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Anna Wilson Marries Country and Pop on ‘Countrypolitan Duets’

June 25th, 2011

Countrypolitan Duets CD art

Anna Wilson Voice of America Interview

Wilson taps into Nashville’s so-called “Countrypolitan” era with the help of past and present country stars and two contemporary jazz giants.  She gives a big band treatment to “Walkin’ After Midnight,” featuring the Grammy-winning trio Lady Antebellum.

Wilson explains that Countrypolitan is rooted in “The Nashville Sound,” a style introduced in the late 1950s by artists like Jim Reeves, Patsy Cline and Eddie Arnold.

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WSJ: Jazz Finds a Country Home

April 27th, 2011



Wall Street Journal
posted 4/27/11

Even today, the singer-songwriter Anna Wilson says, "There are two kinds of people out there: Those who believe that there could never be any common ground between jazz and country music, and those who know that they've shaken hands, at least, in the past."

Ms. Wilson's new album, "Countrypolitan Duets," is one of five recently released records that aim for common ground between the two venerable American music traditions. The most high-profile of these is "Here We Go Again," the second recorded meeting between two dominant figures in each medium, Willie Nelson and Wynton Marsalis. But Ms. Wilson's album also boasts a pantheon of Nashville stars both classic (Ray Price, Kenny Rogers) and contemporary (Lady Antebellum, Rascal Flatts). Also new on shelves are two mostly instrumental sets by musicians on the east (Bucky Pizzarelli's "Back in the Saddle Again") and west coasts (Cow Bop's "Too Hick for the Room") that are deeply inspired by the Western Swing of the 1940s. And the most unlikely of them all, "Pretend It's the End of the World," by saxophonist Bryan Murray, explores the conjunction of Merle Haggard and Ornette Coleman.


Anna Wilson Mines Nashville Gold for “Countrypolitan Duets”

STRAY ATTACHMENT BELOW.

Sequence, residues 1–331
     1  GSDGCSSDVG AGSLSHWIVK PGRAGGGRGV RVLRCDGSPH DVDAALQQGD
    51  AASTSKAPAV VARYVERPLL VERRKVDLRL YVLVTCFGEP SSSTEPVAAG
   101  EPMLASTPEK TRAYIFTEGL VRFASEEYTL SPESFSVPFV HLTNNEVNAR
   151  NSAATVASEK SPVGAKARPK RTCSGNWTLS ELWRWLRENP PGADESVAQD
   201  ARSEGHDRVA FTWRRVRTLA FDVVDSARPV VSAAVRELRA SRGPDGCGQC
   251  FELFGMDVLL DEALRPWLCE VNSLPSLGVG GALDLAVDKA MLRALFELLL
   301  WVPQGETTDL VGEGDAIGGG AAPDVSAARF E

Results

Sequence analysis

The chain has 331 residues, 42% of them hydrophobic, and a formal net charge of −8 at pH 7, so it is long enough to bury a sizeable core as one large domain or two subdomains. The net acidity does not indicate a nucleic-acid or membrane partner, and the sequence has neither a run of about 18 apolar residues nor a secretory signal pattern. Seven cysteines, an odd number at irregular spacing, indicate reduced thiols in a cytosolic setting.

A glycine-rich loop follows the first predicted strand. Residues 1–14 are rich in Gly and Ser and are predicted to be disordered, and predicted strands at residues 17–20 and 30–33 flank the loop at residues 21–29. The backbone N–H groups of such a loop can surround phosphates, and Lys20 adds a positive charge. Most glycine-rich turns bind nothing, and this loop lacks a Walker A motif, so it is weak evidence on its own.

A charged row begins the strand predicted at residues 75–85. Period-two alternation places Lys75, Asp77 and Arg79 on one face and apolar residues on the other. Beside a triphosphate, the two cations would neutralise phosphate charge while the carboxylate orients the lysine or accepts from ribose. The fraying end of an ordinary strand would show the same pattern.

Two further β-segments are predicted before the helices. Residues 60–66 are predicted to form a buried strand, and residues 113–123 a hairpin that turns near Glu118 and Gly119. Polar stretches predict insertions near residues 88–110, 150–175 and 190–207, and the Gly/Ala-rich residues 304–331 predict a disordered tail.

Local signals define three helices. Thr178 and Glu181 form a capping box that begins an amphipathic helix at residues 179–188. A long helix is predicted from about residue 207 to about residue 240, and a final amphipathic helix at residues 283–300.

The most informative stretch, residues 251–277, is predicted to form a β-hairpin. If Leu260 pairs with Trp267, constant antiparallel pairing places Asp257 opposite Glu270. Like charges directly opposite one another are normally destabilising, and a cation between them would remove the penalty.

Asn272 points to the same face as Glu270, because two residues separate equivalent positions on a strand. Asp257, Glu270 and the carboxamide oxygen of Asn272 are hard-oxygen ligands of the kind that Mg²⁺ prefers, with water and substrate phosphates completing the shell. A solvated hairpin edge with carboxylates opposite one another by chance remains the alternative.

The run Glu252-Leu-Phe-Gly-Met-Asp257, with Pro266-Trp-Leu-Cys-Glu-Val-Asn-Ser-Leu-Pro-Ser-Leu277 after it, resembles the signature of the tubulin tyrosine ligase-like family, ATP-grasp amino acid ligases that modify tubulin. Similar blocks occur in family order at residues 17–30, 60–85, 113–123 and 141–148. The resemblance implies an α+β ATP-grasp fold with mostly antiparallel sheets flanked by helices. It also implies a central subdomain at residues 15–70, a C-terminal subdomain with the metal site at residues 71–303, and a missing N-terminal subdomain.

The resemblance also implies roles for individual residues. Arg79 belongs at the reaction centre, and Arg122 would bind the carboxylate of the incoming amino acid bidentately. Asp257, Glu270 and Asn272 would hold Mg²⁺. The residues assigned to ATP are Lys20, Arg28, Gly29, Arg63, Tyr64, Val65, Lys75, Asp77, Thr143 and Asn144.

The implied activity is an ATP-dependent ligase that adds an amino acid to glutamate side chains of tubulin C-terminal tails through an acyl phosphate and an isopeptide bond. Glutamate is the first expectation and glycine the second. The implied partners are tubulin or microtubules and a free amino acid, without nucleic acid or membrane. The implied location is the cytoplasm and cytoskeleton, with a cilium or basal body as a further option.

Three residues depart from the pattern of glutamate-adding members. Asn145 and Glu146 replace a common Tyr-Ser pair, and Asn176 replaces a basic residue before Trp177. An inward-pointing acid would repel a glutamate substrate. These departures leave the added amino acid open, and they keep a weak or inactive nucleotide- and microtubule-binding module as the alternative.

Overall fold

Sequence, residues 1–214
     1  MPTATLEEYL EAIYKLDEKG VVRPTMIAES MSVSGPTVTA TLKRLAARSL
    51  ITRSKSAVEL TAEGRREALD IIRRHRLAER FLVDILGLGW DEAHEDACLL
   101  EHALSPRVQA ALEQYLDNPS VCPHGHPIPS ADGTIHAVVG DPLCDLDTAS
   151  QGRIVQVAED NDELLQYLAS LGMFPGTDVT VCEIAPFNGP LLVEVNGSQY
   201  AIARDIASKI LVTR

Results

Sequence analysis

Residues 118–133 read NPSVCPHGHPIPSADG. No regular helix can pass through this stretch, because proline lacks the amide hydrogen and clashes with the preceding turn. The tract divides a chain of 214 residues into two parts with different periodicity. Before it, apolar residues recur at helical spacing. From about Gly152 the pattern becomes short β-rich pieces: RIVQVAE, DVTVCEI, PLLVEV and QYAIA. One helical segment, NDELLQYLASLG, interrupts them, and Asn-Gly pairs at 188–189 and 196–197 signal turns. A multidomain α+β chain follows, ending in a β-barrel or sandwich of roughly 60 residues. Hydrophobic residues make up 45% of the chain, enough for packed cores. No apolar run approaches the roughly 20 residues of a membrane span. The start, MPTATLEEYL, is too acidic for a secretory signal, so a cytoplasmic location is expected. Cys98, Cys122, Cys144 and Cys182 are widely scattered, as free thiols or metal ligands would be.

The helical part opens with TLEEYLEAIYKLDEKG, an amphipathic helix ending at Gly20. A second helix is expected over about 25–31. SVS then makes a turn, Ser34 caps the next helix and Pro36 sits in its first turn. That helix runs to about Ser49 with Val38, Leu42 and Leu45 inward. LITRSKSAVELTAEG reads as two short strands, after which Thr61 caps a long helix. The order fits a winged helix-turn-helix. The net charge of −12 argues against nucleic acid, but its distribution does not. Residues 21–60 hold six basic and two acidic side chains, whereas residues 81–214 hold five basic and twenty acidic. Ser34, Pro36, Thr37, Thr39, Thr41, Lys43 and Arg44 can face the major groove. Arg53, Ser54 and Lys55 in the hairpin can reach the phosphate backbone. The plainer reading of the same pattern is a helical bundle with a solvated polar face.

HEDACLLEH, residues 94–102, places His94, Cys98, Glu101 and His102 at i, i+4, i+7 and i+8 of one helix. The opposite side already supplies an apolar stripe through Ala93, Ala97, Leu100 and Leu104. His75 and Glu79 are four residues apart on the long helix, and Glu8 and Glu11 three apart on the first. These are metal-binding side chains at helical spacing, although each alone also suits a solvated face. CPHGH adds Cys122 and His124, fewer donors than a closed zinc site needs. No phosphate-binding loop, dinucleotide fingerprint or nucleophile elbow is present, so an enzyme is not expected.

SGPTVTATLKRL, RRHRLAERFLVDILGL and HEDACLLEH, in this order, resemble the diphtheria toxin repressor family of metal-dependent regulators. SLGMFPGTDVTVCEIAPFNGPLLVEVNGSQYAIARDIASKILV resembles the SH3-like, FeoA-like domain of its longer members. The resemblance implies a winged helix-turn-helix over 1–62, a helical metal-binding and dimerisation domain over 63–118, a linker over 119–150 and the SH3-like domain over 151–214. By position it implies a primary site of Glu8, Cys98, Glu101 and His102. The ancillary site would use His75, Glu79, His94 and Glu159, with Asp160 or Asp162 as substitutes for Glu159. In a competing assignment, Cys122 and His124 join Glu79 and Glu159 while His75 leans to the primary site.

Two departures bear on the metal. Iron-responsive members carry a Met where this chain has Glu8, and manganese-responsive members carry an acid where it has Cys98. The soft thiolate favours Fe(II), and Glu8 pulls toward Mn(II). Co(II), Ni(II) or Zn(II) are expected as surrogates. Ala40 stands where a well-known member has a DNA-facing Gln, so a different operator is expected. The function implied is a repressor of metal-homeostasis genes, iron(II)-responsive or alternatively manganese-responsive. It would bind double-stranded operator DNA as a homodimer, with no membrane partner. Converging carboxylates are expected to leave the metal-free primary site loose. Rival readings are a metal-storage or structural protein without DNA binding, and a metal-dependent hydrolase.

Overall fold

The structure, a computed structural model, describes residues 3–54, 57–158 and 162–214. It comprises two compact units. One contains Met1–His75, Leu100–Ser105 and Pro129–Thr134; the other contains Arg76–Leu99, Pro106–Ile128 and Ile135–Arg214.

April 26th, 2011

Posted Apr 25th 2011 1:00PM by Lorie Hollabaugh

The Boot LogoAnna Wilson's name may be new to country fans, but her songs aren't. As the writer behind songs such as Chuck Wicks' 'All I Ever Wanted' and Lady Antebellum's 'If I Knew Then,' she's enjoyed plenty of success behind the scenes, but she's also made a name for herself vocally as part of the jazz world.


Nashville Country Club gives Countrypolitan Duets 4 Stars

April 21st, 2011

Music Reviews by: Megan Grindle: 4/19/11

Anna Wilson's Countrypolitan Duets mixes the styles of country, jazz, and blues with every song as famous country stars join her track by track. Anna features Matt Giraud in a song that comes to terms with the fact of being friends instead of lovers, called "You Don't Know Me." The bluesy feel from that track follows through to the next, featuring Lady Antebellum, where Anna sings the main vocals and Lady A supports with amazing harmonies. Other songs have a saloon type of feel, or a ballroom performance style, like "Just for What I Am" with Connie Smith, and "You're the Best Thing That Ever Happened To Me" featuring Rascal Flatts and Ray Price. Keith Urban is another big name that joins Anna; it is a slower feel than most of his songs, but most of the CD has that vibe. Lloyd Green, Rick Braun, and Billy Dean are other artists that you may recognize on this CD, and though the style of the album isn't strictly country, if you enjoy them as singers then you will enjoy their work with Anna.

Anna Wilson does a good job at combining country with old time jazz and blues styles, and her music is great for a night in or a calm evening. Her vocals are soft, yet rich, and she takes some country classics and makes them her own! For more on Anna go to annawilson.com